It’s a bad time out there. It’s very bad. It’s bad because great number of people today say they mistrust their police. That’s not a good situation, but now is not the time to get defensive; this is not a time to run for cover but to interact and be visible. This is not only important regarding the effectiveness of your work, but also your personal safety.
I was a cop for over thirty years beginning during our nation’s Civil Rights Movement. When I saw what was going on around me as a 23 year old beat cop, I knew I needed to make some changes.
Today, it’s just as bad, if not worse. This is a tough time for police everywhere. Among the anger on the street and in the media, we must be able listen, deeply and generously listen. We must come to understand the painful story being told. People of color believe we have continued to treat them unfairly and violently based on the color of their skin and not their character. They also believe we are part of an overall and far-reaching system that is engineered to do just that.
Now the “you” they talk about may not be you personally – it’s the collective “you” to which they address. But what each one of us, each and every police officer in America does from this day forward greatly matters. We must keep our cool and authentically act fairly and respectfully to every person we encounter. Bad habits and language have got to go.
Until all of us in America can begin to work together to solve this lingering and pernicious national wound called racism, all of us are in physical danger and it won’t get any better by ignoring the situation or pointing out that “they” are the fault and not us. Individually we can make a great difference — if we begin right now.
The place to which we all need to finally arrive is reconciliation. It should have happened in the past but it didn’t. But reconciliation takes time, years to achieve. In the meantime, first steps can be taken. One first step is to understand the other person’s position; apologize for the harm that has been done; and then upgrade our own behavior.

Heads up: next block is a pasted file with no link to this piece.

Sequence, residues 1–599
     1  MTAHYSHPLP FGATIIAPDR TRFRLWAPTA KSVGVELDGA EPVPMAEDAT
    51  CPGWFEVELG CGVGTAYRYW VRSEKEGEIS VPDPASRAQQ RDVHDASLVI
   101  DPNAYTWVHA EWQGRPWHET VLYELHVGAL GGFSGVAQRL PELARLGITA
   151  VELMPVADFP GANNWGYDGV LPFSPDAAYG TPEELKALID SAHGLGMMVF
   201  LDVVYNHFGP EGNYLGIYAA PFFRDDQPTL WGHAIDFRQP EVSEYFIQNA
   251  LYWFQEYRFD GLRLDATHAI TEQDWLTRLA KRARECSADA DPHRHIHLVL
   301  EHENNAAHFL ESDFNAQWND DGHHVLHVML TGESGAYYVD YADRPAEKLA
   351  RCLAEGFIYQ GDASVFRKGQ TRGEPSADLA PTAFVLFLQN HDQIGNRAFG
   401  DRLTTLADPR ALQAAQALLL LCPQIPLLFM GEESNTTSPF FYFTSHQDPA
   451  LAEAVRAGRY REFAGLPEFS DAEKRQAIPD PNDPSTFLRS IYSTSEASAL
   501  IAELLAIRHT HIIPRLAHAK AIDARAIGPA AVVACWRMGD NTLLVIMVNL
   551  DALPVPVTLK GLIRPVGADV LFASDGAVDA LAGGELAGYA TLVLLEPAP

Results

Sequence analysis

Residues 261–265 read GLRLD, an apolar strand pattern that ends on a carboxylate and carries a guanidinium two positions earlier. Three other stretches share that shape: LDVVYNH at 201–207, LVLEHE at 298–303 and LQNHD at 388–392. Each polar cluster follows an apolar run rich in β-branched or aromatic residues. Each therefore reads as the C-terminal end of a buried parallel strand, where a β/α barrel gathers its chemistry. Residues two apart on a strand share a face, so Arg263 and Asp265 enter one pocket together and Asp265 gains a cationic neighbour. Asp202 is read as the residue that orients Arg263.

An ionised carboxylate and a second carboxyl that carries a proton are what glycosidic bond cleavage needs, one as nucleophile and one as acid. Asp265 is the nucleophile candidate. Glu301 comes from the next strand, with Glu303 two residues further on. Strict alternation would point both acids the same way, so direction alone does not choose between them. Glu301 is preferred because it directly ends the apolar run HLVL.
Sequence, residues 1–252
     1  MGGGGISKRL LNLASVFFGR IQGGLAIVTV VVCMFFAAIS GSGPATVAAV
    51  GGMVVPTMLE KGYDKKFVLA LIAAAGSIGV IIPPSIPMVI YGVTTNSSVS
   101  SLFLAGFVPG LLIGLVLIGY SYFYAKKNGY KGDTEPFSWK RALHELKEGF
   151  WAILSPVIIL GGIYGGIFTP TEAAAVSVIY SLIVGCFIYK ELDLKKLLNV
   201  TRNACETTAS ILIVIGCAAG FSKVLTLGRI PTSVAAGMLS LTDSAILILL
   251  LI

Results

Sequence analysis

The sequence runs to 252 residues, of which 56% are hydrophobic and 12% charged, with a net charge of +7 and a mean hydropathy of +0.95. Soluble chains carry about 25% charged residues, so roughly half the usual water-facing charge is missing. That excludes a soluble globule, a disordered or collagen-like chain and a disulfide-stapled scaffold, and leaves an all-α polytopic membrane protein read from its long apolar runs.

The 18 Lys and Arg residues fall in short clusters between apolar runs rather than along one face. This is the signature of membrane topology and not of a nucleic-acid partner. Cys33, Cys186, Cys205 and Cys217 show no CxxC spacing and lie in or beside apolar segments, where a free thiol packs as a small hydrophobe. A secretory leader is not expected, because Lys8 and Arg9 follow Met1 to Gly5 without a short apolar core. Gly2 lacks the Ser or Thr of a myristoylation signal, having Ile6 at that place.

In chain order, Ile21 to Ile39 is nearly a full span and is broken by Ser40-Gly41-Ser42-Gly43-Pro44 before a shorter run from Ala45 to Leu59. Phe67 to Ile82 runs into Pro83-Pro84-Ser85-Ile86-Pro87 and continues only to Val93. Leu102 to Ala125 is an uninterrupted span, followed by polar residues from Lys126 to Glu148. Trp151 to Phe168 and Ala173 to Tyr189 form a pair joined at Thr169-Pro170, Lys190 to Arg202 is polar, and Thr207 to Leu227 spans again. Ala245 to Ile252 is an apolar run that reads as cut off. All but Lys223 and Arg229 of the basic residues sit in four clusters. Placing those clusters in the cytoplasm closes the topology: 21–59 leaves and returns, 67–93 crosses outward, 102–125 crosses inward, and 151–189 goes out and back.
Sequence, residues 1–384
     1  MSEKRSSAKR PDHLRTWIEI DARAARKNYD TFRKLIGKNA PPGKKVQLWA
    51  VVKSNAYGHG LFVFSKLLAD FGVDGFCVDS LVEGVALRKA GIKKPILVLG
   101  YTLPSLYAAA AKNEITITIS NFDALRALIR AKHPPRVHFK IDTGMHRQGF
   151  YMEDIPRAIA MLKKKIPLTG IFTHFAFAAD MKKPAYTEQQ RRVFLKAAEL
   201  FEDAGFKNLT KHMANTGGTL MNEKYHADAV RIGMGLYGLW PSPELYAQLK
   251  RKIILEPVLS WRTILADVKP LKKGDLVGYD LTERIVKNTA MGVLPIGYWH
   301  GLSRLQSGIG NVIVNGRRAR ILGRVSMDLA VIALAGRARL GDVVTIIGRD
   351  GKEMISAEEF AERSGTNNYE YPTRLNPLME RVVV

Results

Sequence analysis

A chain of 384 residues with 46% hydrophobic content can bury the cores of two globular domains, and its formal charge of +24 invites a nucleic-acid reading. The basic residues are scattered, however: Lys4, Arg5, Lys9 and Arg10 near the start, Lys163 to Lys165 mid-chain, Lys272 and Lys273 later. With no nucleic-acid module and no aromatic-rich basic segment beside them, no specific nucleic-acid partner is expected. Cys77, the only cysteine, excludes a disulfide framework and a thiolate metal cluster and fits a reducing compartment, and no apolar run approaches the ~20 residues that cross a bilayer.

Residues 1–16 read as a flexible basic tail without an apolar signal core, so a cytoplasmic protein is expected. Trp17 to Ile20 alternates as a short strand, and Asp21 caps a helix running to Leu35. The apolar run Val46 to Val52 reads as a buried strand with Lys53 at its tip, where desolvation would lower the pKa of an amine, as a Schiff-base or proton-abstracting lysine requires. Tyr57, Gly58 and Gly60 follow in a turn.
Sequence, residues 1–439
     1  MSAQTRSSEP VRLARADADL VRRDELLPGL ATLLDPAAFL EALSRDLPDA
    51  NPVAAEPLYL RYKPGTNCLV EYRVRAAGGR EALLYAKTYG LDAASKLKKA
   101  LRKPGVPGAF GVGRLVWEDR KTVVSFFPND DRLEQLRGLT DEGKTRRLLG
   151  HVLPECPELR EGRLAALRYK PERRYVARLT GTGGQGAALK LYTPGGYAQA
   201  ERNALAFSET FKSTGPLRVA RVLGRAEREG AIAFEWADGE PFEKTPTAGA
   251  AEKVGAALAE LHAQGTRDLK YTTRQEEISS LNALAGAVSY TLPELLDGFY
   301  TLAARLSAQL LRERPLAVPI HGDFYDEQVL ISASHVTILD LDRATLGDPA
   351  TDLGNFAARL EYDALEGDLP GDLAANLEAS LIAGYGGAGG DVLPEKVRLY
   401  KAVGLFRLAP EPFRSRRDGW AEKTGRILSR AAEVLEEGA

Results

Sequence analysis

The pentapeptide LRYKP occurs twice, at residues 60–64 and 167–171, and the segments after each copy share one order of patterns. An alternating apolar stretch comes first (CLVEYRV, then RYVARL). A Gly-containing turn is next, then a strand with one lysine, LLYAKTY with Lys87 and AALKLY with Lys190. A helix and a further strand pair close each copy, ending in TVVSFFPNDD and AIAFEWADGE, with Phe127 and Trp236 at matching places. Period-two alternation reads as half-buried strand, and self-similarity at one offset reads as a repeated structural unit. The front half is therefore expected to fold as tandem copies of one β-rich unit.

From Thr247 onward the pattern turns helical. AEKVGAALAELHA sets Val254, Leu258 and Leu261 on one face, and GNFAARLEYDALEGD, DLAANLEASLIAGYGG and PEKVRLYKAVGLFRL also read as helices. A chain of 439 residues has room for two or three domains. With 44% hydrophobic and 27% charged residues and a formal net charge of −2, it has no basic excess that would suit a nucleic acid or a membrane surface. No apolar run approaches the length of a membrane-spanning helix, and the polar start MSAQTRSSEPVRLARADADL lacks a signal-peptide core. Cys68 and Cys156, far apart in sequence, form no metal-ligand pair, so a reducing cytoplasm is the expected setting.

Upgrading means education, more of it, We need to understand our nation’s racial history. We have to be competent, well-trained, able to manage conflict and regulate our emotions. We have to be physically and emotionally fit; controlled in our use of force. We need to always be fair, honest, and decent in what we say and do. And most of all, in our contacts with persons of color, young and old, our conduct has to exemplary – respectful, even when the other person is not; repeat: even when the other person is not. On our beats, we have to be good listeners, build relationships and work with people to solve their problems, not ours. In short, we need to be leaders and organizers as much as rule-enforcers.
These are the characteristics that a police officer needs to have who works in a diverse, free and democratic society such is ours. Nothing less will work. Many of us are already that kind of officer and I believe most in our nation knows this and are thankful. Through the times of trouble ahead, we all must continue to be the best police officers we can imagine and not give up.
But if you do not see yourself as this kind of officer, perhaps having slipped over the years in being the kind of officer you once were and find yourself wanting in one or more of these areas of proficiency, you need to do something about it: you need to do a personal inventory, improve, build competency in each one of these areas and be fair and trustworthy while you are doing it.
If what I have said angers you; that you see the problem only in one light – “their” problem – then I suggest that perhaps policing a diverse society such as ours may not be your calling.
I have outlined what is needed to move this nation forward.
It begins with us, police taking the first step.
I trust you will see the wisdom in this and act nobly…
Now let’s begin the conversation…